From star students to global citizens: 30 years of Rotary International at UNT

The Rotary Club of Grapevine and past Rotary district governors gathered in May for a special session to award UNT alumni Odalis Alvarado (’22 M.P.A.) and Charles Wood (’20, ’22 M.P.A.) Honorary Paul Harris Fellowship status. The award, named for the Chicago attorney who founded Rotary International in 1905, is the highest honor in the organization.

From left: Greg Jordan, Grapevine Rotary Club president;
past District 5790 governors Walt Milner, Conrad Heede
and Dan Steele; alumni Charles Wood and Odalis Alvarado;
and Tim Smith, past District 5770 governor.

Alvarado also shared a progress report on the project that earned her a $40,000 Rotary Global Grant in 2022 to study at Queen’s University Belfast, where she worked toward her goal of creating a global foundation to increase access to education for low-income children. This year, Charles Wood won a similar grant to study urban development at Erasmus University Rotterdam, where he will focus on global prospects for affordable and accessible housing.

Cultivating international understanding

Since 1997, UNT has generated more than 51 Rotary scholars. Numerous Rotary Clubs in District 5790, which includes the North Central and Plains Regions of Texas, along with several clubs in other districts, have sponsored a total of more than $1.5 million for UNT winners of Rotary scholarships and grants. Most recently, the Rotary Club of Grapevine and the two Rotary Clubs of Denton have taken the lead in cultivating UNT Rotary Global Grant scholars.

Dr. James Duban, associate dean for research and national scholarships in UNT’s Honors College, has advised Rotary scholarship and grant applicants for nearly three decades.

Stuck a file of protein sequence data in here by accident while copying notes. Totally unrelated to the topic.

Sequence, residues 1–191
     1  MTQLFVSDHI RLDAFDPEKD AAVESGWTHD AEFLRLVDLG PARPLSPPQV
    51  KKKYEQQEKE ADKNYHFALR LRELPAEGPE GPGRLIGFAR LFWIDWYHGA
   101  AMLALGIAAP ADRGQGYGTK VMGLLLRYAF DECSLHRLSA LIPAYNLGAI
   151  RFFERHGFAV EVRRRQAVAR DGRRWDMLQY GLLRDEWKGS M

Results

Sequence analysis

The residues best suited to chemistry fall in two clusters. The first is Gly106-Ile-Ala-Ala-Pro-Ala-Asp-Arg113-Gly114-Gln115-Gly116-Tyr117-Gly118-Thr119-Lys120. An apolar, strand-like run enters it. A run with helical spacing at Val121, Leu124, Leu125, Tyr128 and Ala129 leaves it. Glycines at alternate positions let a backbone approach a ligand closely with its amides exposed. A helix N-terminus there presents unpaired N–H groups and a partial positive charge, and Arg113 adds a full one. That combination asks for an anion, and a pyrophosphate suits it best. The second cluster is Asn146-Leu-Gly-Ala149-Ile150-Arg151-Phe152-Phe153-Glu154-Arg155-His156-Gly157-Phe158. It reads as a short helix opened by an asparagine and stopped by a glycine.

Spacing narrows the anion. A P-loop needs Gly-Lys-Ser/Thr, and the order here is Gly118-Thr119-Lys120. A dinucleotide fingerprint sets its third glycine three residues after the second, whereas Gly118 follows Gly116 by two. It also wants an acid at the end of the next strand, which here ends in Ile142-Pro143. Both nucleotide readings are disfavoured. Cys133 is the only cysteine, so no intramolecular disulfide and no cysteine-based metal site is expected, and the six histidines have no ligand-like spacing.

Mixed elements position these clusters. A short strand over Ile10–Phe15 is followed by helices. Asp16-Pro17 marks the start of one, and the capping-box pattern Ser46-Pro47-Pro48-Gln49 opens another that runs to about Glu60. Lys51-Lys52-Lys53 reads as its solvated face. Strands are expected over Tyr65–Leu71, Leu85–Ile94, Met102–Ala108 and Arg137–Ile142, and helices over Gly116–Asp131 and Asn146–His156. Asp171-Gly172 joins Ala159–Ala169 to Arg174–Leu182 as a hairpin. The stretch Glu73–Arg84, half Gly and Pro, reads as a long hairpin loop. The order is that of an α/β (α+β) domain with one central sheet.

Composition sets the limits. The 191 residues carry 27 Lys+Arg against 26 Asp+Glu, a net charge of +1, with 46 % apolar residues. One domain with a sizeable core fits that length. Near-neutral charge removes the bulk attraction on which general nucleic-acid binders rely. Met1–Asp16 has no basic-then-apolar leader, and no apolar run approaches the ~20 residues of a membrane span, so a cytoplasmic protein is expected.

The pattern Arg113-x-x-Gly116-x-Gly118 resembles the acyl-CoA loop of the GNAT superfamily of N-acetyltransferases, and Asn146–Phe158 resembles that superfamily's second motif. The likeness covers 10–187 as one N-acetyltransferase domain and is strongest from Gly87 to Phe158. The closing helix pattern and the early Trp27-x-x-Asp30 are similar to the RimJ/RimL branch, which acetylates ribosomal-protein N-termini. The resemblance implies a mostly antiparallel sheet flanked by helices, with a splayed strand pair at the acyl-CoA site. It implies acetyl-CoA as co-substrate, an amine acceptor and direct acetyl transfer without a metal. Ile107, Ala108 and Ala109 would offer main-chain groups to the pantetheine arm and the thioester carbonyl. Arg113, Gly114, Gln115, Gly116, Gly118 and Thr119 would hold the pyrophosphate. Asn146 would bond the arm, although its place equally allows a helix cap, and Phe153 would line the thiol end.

“UNT students certainly embody the values of Rotary International and its motto of ‘Service Above Self,’” he says, “while the generous members of Rotary believe in the potential of UNT students to make the world a better place.”

Rotarian volunteerism has featured thousands of local and international missions of goodwill. The $40,000 Rotary Global Grants fund either graduating college seniors or graduate students to travel to another country for a year-long program of study that encourages sustainable advancement in one or more of six critical areas:

  • Environmentalism
  • Peace promotion
  • Disease prevention
  • Economic development
  • Advancement of education
  • Promotion of potable water, sanitation and hygiene

“Rotary scholars do not simply enter programs of study with generous funding,” Duban says. “They also interact deeply and meaningfully with numerous Rotarians in their host countries, building lifelong friendships that enhance international understanding.”

Learn more about the Rotary International programs that support UNT students as they set out to change the world.